At least 20 dead, 350,000 seek shelter as strongest storm of the year strikes
A family sit on the roof of their home to escape floodwater brought by Super Typhoon Goni in Albay province in the Philippines on Nov. 1. (Photo supplied)
Churches in the Philippines have thrown open their doors to offer shelter to some of the hundreds of thousands of people who fled their homes to avoid the wrath of Super Typhoon Goni that struck the Bicol region in southern Luzon on Nov. 1.
The typhoon, the strongest in the world this year, killed at least 20 people and forced around 350,000 from their homes, according to authorities.
With sustained winds of 224kph and gusts of 278kph, it was one of the strongest storms to hit the Philippines since Super Typhoon Haiyan killed more than 6,000 people in 2013.
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Some of the victims were buried alive by mudslides around Mayon volcano.
“At least seven were killed in our province. Two of them, a five-year-old and his father, drowned while several others were swept away by volcanic mud,” Albay governor Al Francis Bichara said.
He said the mudslides also buried homes and damaged bridges and roads near the towns of Daraga and Santo Domingo. Many people were also left without power in the province. “[Albay] was battered,” Bichara added.
The Philippine government estimated the damage to the province’s agriculture sector at about 1.1 billion pesos (US$22 million) with rice fields destroyed and many coconut trees uprooted.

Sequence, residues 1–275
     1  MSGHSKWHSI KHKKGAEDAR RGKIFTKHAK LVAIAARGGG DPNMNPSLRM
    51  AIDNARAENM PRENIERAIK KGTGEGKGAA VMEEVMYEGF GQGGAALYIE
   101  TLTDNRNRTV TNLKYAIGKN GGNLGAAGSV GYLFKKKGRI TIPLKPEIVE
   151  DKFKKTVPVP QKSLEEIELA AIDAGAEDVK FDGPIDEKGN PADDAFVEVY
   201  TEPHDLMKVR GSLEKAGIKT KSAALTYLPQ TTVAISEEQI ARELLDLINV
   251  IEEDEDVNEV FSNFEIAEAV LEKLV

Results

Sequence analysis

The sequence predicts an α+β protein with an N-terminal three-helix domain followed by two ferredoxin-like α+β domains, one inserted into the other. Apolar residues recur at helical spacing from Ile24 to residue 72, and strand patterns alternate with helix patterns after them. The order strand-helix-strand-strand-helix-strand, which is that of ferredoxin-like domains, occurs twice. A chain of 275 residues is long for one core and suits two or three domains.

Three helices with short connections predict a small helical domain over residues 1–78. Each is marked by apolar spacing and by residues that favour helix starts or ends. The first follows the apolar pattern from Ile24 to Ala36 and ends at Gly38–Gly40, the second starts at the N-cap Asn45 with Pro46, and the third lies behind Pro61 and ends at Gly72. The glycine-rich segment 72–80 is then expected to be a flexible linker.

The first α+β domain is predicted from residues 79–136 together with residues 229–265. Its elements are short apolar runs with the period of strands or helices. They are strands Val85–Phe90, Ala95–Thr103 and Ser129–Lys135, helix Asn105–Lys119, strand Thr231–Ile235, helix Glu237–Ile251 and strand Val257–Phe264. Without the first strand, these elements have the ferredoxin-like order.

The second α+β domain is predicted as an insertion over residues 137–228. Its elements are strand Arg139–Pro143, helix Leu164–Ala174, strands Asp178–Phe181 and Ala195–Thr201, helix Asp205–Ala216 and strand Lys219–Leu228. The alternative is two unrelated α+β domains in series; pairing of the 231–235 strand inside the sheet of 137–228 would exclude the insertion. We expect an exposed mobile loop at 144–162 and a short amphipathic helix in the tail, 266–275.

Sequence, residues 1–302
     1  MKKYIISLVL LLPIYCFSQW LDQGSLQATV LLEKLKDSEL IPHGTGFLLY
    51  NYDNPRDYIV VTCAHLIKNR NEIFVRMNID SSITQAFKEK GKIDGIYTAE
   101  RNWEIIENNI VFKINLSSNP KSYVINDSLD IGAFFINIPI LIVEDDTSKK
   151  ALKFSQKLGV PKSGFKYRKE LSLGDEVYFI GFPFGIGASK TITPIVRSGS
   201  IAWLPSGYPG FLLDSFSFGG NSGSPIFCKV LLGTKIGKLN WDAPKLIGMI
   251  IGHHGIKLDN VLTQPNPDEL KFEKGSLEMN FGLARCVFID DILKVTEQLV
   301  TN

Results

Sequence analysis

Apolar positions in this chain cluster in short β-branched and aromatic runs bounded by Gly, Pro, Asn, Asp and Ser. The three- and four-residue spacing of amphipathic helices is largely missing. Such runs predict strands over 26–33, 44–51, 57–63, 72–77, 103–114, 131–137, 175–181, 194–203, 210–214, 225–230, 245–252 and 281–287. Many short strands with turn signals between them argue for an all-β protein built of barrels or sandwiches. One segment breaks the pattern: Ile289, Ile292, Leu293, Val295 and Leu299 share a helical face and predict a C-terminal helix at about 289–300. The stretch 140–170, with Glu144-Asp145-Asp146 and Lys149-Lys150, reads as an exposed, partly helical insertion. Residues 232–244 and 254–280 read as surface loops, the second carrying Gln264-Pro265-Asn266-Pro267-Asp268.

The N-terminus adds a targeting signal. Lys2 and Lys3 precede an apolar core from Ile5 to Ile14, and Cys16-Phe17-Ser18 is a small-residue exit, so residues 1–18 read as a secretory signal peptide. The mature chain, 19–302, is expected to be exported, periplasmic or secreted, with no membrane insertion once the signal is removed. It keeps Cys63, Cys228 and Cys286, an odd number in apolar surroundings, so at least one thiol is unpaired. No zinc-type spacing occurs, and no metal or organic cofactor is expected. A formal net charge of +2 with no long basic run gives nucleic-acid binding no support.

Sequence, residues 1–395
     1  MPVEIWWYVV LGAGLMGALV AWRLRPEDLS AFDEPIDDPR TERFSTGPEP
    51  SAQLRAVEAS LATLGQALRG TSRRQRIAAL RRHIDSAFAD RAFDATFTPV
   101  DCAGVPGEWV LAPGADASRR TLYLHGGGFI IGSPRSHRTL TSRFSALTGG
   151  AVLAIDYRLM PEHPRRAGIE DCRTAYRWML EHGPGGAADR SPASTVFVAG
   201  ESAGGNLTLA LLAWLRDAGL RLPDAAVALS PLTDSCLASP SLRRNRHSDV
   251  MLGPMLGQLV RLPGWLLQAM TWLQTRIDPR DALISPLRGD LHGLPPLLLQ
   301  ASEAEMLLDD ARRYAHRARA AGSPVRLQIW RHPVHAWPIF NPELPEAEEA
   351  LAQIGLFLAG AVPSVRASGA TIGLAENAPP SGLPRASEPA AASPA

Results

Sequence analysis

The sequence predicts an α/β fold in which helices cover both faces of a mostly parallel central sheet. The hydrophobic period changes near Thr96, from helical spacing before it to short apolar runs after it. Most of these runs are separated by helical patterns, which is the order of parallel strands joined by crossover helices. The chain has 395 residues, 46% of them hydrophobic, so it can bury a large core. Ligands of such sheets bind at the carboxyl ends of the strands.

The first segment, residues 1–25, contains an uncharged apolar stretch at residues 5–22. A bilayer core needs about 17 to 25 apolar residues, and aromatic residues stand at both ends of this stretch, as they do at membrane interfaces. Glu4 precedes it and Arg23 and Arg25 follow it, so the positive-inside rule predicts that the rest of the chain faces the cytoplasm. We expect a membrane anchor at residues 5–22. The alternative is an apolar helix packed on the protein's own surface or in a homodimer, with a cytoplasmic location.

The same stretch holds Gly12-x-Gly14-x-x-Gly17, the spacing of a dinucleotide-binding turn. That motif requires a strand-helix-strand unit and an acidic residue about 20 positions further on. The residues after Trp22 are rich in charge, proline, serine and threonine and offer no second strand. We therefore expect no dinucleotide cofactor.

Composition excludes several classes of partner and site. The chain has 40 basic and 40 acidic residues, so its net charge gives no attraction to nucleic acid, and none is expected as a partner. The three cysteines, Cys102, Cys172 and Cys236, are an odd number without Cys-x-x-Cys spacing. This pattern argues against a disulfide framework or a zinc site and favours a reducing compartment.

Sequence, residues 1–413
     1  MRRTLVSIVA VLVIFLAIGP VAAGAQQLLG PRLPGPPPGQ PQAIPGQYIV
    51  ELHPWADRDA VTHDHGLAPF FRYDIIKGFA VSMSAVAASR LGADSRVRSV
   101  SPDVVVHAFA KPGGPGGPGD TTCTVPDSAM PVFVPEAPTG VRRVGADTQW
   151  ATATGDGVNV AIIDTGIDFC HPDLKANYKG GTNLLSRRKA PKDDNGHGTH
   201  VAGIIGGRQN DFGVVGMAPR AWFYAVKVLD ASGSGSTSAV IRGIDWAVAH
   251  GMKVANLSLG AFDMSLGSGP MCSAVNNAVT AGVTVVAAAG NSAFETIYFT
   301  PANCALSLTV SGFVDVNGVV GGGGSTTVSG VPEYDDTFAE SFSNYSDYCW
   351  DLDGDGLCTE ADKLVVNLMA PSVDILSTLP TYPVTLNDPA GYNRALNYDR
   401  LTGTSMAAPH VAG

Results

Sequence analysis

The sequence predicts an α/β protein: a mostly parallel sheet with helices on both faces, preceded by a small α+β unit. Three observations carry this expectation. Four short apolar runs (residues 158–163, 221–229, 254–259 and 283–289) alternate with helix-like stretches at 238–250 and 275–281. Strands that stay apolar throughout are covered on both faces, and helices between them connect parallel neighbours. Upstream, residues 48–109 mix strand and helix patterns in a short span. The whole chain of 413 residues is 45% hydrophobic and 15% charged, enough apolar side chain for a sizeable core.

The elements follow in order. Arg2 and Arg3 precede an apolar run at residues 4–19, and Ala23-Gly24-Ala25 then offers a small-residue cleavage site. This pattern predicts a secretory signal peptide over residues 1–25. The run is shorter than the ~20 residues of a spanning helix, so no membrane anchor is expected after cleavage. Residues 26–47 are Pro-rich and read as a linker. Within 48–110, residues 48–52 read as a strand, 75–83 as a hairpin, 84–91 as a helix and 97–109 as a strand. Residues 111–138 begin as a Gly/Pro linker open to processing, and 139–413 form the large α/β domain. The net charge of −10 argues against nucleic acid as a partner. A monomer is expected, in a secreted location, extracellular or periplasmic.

“Almost 20,000 hectares and about 20,000 farmers have been affected,” Agriculture Secretary William Dar said.
Father Treb Futol of Sorsogon Diocese said his parish had set up a soup kitchen and was feeding evacuees who fled their homes and who would normally have been marking All Saints’ Day.
Meanwhile, Father Ranhilio Aquino of Tuguegarao Diocese in northern Luzon appealed for help for those affected by the typhoon.
“Many … are shivering in the cold, no beds, perhaps even no more home. Many are grieving the loss of loved ones while still laboring to salvage the little they have that is left,” he said in a social media post.
Caritas chief Bishop Jose Colin Bagaforo said the Church’s social arm has been coordinating with local Caritas offices to distribute relief goods.
He said they were in touch with social action centers in typhoon-hit dioceses to ensure fast and efficient distribution of relief goods to victims.
“Caritas is also ready to send financial assistance if and when needed by dioceses damaged by this [typhoon],” the bishop said.
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